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Archetypes, Projective Drawing, and Autistic Teenagers

Archetypes, Projective Drawing, and Autistic Teenagers

Katherine Culpepper received her B.S. Ed. from the University of Memphis in 1987 and her M.S.W. in Marriage and Family Counseling from The Catholic University of America in 1990.
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As a school counselor, I work with autistic students seeking vocational training after high school in an initiative that helps integrate these young men and women into work as they develop friendships and social-emotional skills. In this endeavor, I employ Projective Drawings in combination with the Pearson-Marr Archetype Indicator® assessment and archetype system and have presented case studies of my work at professional conferences.

I have used Projective House-Tree-Person (HTP) Drawings with Autistic teenagers for several years. The HTP method has been expanded to allow students to explore the archetypal story being told in the work of art. The method aids in accessing information about a student’s strengths and limits, such as “sensitivity, maturity, flexibility, degree of personality integration, and interaction with the environment.”1 For the last few years, I have integrated the HTP process with archetypal analysis through the PMAI® system to further growth in my students in the five core competencies of social and emotional learning: self-awareness, self-management, social awareness, relationship skills, and responsible decision-making.

I have found that the use of projective drawings is enriched through use of the PMAI assessment, as this instrument can open students to the deeper story they are living as they become aware of personal gifts as well as the shadow side of their personality. This self-knowledge helps them make better decisions about how they choose to live. The combined HTP-PMAI method has endless potential and can be used by individuals, art therapists, educators, counselors, and consultants in any workplace setting.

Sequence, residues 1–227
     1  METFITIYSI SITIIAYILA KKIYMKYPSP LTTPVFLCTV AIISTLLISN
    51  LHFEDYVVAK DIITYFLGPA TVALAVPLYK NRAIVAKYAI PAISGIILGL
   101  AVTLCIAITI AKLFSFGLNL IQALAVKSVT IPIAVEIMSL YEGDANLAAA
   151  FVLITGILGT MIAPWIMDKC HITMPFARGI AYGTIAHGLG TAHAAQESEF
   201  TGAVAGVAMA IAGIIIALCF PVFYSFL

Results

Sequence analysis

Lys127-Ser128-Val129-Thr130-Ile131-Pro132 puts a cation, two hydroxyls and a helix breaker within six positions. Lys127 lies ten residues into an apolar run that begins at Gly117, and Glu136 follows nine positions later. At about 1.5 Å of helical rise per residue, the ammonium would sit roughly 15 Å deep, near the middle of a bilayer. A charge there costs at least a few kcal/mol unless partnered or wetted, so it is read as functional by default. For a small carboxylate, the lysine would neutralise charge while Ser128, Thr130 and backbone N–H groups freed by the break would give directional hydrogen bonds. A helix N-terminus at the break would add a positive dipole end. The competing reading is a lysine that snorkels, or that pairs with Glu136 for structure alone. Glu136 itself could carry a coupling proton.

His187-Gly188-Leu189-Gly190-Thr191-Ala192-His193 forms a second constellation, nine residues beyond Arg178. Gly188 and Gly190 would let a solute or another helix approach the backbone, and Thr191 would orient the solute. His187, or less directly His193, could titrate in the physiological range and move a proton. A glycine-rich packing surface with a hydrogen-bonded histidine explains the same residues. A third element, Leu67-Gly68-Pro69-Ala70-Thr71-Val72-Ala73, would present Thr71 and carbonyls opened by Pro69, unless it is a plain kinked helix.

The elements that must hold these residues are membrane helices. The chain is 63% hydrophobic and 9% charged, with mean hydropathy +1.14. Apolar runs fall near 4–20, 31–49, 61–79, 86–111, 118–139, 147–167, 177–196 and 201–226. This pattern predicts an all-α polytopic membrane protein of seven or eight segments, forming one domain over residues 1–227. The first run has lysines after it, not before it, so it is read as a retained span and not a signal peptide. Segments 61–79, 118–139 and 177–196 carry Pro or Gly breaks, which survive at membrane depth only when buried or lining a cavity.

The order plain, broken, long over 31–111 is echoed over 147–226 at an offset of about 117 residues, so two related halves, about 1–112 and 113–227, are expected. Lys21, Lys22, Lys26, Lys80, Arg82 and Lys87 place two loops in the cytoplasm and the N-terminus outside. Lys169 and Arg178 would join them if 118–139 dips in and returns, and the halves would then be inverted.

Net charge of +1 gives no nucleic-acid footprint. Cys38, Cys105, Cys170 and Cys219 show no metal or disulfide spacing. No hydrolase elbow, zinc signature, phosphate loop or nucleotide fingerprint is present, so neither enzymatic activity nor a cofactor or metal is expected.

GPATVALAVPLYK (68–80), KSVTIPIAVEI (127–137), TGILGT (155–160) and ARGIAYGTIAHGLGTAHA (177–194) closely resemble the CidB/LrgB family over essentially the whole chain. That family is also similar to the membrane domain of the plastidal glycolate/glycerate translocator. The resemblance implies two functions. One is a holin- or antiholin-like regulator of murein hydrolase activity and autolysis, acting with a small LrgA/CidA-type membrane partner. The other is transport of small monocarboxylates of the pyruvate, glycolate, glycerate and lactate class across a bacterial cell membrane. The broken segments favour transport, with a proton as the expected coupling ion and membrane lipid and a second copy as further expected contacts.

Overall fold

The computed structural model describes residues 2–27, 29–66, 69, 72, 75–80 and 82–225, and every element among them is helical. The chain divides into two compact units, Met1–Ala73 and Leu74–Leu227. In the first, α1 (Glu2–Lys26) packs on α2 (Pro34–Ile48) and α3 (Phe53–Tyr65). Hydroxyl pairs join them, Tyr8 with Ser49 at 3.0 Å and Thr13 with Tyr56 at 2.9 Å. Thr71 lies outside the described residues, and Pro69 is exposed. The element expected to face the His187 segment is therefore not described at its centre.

The method begins by meeting with the student and asking them to draw a house, tree, and person that tell a story. Upon completion of the drawing, there is a guided conversation about the story being told in the student’s drawing. This is considered the “interpretation” or subjective presentation of the image.2 Throughout, the conversation is guided by attention to unusual features of the drawing and significant parts of the story being told.

After the student has taken the PMAI assessment, and their archetype results have been discussed with them, the student is invited to explore the story being told in the drawing through the lens of their archetypal profile, with particular attention given to what Dr. Pearson refers to as the gifts and shadows of the archetypes. This is the “translation” of the work of art.3

In my experience, using projective drawings takes one only part of the way. I have found that the PMAI report opens the person to deeper insights into the gifts and shadows of the story they are living. By combining a narrative approach to the interpretation of the work of art with the PMAI archetypes, students relate readily to the method and enjoy gaining insight into themselves. Since I began using this method, it has been an exciting and creative work for students and myself, as each student’s story is different. The method offers many students hope that their lives can be enriched through self-understanding and responsible decision making. 

1 Burns, Robert. (2014/1986). Kinetic House-Tree-Person Drawings: KHTP: An Interpretative Manual. Routledge.

2,3 Kaufmann, Yoram. (2009). The Way of the Image: The Orientational Approach to the Psyche. Zahav Books, Inc.

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